In addition to fines, there are other penalties for driving without insurance. They include :
- Suspension : You could face a driver’s license suspension for up to one year.
- Impound : You could have your vehicle impounded for up to three months.
- Additional fees : The Provincial Offense Act tacks on an additional 25% surcharge to your fine.
Can I Lose My License For Driving Without Insurance?
As part of your first offense for driving without insurance, your driver’s license will be suspended for a minimum of 30 days. You could lose your driver’s license for up to one year.
Do You Get Demerit Points For Driving Without Insurance?
There are no demerit points for driving without insurance. But, as stated above, you will be fined.
What Is The Difference Between Driving Without Insurance And Failure To Show Proof?
There is a significant difference between driving without valid insurance and failure to show proof of insurance. You can receive a ticket for both infractions, but the fines for not having it are much more severe.
Can You Drive Another Person's Car Without Insurance?
No, things like driving your parents' car and not having your own insurance are not an issue. As long as your parents have an active policy attached to the vehicle, you can drive it. If the police pull you over, you will have to show proof.
Can You Keep A Car Without Insurance?
When Switching Vehicles, Make Sure You Are Properly Insured
For some, driving without a valid policy may be unintentional. It is imperative to make sure that your insurance does not lapse when switching insurers. Even having a week or a day without it is all it takes to get fined. Learn more about how to cancel your insurance properly to avoid not being insured when you switch providers.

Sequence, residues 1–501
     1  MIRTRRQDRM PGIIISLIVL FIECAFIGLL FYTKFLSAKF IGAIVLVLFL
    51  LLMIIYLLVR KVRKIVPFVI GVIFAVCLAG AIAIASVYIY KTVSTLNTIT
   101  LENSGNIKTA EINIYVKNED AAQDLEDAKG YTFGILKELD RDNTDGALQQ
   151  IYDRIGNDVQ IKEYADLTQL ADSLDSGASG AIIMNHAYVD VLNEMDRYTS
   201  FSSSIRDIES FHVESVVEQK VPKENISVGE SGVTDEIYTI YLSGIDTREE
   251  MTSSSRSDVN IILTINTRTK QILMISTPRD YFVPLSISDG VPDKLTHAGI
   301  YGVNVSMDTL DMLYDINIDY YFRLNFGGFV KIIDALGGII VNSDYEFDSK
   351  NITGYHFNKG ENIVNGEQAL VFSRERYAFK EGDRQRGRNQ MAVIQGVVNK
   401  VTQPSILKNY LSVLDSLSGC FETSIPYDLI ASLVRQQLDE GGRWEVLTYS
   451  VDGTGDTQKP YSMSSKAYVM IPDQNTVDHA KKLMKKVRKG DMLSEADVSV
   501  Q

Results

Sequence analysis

Driving Without Insurance FAQs
While the chances of getting caught without insurance are difficult to determine, it’s not worth the risk. No matter how well you drive, you are always at risk. You could be pulled over by the police unexpectedly or you could be hit by another vehicle.
This is perhaps one of the worst situations you can be in if you are driving without an active policy. If you are involved in an accident, you will be held personally responsible for all the repairs to your vehicle as well as any medical bills. Depending on the amount of damage or type of injuries, this could be a significant cost to you.
You will can also be fines or face charges if you are found to be held responsible for an at-fault accident.
If you are fined for driving without it, getting insured after the incident will be difficult. Many companies will choose not to insure you and you may require high-risk car insurance.
Yes, your license can get suspended if you are caught driving without valid insurance on your vehicle.
Always Be Properly Insured When Driving
If you get into an accident and do not have proper coverage, you'll be held responsible for your repairs and medical bills. If you are found at-fault, you'll also be liable for any costs towards the other driver's vehicle, medical expenses, and even loss of wages. Don't forget finding a lower rate will be difficult.